• The VOIDRUNNER'S CODEX is coming! Explore new worlds, fight oppressive empires, fend off fearsome aliens, and wield deadly psionics with this comprehensive boxed set expansion for 5E and A5E!

Planescape Planescape Pre-order Page Shows Off The Books!

Take a look at the books, poster map, and DM screen!

You can now pre-order Planescape: Adventures in the Multiverse from D&D Beyond. The set comes out on October 17th.

Scroll down through the comments to see more various peeks at the books!



  • Discover 2 new backgrounds, the Gate Warden & the Planar Philosopher, to build planar characters in the D&D Beyond character builder
  • Channel 7 otherworldly feats, new intriguing magic spells & more powered by planar energies
  • Explore 12 new ascendant factions, each with distinct cosmic ideologies
  • Face over 50 unusual creatures including planar incarnates, hierarch modrons, and time dragons in the Encounter Builder
  • Journey across the Outlands in an adventure for characters levels 3-10 and 17
  • Adds adventure hooks, encounter tables, maps of Sigil and the Outlands & more to your game
This 3 books set comprises:
  • Sigil and the Outlands: a setting book full of planar character options with details on the fantastic City of Doors, descriptions of the Outlands, the gate-towns that lead to the Outer planes, and more
  • Turn of the Fortunes Wheel: an adventure set in Sigil and the Outlands designed for character levels 3-10 with a jump to level 17
  • Morte’s Planar Parade: Follow Morte as he presents over 50 inhabitants of the Outer Plane, including incarnates, hierarch modrons, time dragons, and more with their stats and descriptions


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Parmandur

Book-Friend
This chart is Jakandor erasure.
Just looking into this, Ben Riggs said on Reddit that the actual 90'a accounting document he was given did not have Jakandor. He thinks that it didn't sell well, based on the fact that his source didn't there to include the numbers on the report hlwhen pulling the raw data in the 90's.
 

Whizbang Dustyboots

Gnometown Hero
Just looking into this, Ben Riggs said on Reddit that the actual 90'a accounting document he was given did not have Jakandor. He thinks that it didn't sell well, based on the fact that his source didn't there to include the numbers on the report hlwhen pulling the raw data in the 90's.
The fact that they were willing to extend lines past their intended end date -- including Al'Qadim and Thunder Rift -- suggests that Jakandor, which actually had a book cut from its intended line, sold terribly.

(Which is fine, by the way. I am ironic in my championing of Jakandor, which is a pretty mediocre line, even if the core idea of presenting a conflict from two different sides, each with their own core book, is an interesting one.)
 
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Ok. I feel that the Elemental Planes worked better when they could be discussed and detailed separately, and combining them all together lessened their value to a significant degree, and that more effort would have resulted in a better end product.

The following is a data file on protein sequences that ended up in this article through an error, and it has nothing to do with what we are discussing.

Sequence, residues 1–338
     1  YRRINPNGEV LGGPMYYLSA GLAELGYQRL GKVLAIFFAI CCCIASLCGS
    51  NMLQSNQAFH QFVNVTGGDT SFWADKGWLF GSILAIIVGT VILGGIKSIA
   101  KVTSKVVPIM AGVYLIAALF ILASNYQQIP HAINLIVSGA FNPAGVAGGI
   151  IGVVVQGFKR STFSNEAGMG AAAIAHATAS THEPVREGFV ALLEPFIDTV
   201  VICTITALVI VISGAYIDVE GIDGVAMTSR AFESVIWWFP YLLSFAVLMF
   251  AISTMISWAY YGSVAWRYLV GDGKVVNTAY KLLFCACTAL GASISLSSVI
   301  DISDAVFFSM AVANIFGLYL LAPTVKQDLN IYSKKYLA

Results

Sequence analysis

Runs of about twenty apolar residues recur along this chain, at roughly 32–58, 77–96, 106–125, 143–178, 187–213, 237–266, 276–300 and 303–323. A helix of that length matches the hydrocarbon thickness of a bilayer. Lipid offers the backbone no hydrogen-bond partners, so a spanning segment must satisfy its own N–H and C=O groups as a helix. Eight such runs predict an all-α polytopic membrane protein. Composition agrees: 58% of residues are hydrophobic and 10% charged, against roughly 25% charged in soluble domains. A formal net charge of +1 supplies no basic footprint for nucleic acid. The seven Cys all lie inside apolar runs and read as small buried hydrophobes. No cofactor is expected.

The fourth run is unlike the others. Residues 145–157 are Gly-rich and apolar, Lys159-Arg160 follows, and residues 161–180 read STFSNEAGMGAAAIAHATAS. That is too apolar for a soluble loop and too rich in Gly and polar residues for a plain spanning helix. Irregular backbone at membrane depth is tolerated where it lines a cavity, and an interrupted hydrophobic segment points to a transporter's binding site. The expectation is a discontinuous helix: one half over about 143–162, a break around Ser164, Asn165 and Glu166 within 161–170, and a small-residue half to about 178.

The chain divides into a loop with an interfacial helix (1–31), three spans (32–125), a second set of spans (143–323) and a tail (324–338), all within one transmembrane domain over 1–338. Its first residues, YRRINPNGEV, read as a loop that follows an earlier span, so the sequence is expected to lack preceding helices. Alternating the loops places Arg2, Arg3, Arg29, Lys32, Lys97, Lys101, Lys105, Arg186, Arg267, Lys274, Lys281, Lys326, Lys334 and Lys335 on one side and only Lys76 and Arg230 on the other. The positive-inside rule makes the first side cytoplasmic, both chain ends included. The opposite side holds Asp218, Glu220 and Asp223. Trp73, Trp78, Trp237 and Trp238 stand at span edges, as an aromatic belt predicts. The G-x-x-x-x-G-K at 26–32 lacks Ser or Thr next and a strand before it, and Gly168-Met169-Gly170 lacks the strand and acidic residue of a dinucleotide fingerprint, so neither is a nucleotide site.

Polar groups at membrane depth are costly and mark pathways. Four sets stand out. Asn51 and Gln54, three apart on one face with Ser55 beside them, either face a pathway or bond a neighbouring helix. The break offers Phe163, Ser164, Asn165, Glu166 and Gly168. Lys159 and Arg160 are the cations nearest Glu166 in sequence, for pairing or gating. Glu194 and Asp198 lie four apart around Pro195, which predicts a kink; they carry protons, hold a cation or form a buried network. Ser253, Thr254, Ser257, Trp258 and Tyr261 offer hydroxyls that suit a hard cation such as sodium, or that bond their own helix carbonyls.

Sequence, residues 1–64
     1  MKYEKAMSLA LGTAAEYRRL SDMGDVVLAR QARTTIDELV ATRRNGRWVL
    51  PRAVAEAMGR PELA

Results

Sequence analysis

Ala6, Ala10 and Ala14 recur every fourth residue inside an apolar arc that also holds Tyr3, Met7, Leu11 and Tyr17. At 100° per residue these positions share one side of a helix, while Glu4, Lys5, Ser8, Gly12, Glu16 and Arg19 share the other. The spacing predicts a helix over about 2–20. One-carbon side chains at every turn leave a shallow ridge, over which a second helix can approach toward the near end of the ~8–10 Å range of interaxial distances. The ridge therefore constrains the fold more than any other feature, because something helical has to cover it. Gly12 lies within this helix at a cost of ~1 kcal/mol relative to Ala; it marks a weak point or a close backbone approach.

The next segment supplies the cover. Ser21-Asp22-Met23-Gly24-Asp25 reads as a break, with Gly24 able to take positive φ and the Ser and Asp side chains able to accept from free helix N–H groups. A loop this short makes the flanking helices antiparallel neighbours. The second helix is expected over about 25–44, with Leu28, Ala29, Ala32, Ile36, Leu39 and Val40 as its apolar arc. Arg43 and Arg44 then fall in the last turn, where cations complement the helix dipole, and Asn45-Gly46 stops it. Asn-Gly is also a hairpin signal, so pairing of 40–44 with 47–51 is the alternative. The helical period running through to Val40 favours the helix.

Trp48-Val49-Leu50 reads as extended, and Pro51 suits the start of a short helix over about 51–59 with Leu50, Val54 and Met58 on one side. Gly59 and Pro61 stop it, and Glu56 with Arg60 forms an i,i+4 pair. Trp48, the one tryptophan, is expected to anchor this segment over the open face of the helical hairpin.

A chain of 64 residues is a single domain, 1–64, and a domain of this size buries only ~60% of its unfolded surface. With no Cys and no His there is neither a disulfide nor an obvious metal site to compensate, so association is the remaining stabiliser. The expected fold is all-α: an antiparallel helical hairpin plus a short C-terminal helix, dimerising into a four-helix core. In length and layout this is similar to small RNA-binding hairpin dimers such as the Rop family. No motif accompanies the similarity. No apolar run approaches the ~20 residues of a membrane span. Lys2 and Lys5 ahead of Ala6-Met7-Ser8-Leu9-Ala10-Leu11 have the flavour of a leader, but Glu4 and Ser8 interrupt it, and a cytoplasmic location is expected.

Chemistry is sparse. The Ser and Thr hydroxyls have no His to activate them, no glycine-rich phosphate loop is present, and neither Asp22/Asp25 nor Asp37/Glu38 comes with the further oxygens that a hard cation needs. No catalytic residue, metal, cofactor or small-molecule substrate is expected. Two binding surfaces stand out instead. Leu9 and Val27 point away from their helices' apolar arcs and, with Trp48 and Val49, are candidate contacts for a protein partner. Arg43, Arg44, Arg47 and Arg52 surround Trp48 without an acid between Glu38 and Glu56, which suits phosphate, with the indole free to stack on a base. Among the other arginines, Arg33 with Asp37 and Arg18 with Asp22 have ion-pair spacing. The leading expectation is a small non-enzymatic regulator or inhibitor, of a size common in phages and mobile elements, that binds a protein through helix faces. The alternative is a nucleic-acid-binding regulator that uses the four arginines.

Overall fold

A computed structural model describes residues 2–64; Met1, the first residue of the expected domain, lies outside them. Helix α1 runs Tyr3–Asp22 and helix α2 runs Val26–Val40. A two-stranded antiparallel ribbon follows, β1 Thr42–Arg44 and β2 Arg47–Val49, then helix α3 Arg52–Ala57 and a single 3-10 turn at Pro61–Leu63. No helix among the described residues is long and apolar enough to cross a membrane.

I liked the EC, but do like how 5e blended the elemental planes with EC. It actually fit really well with our homebrew cosmology.
 


Whizbang Dustyboots

Gnometown Hero
I liked the EC, but do like how 5e blended the elemental planes with EC. It actually fit really well with our homebrew cosmology.
Both TSR and WotC repeatedly added more to the planes when they thought the end result would be better (or when they were scared of church moms). I think there's still a lot of room for improvement, although we have come a long way from the days when a huge percentage of the multiverse was "go there, die instantly."

There's probably a place for such locations in the multiverse, but they should be special and not constitute large portions of the map.
 

It's been a while, but i seem to recall that most past-edition planar sourcebooks that contained 'go there and die' planes also included some sort of 'planar adaptation' spell that let you largely alleviate or ignore those effects. Which was entirely reasonable in-world, regardless of how pointless it made the concept of hostile planar environments in the first place.
 


Maxperson

Morkus from Orkus
Personally, as a player, I think an Adventure is the best way to introduce a setting. I’m not a DM, I’m not going to read a 120+ page setting guide. No thank you!
I agree. It doesn't have to be an adventure put out by WotC, though. The DM is plenty capable of making an adventure to introduce the setting to you and will actually have enough setting material to do that if they don't waste pages on an adventure and actually print setting material.

And WotC can just make an adventure sold separately if they really want to make one for the setting. It's win-win if done that way. We get a solid setting and people who want to run a WotC adventure set in that setting can. As it stands now it's win-lose. It's lose for anyone who wants a solid setting and win for those who want an adventure.
 

I like the elemental monsters, but not any elemental planes. Fire plane is like being within an eternal forest fire where the fuel never runs out, and ordinary sea live is not possible in the water plane. Where the sun light for the algae and plankton? Where the air for the sea mammals and birds? What is the hidrostatic pressure when sea animal live in different spaces?
 

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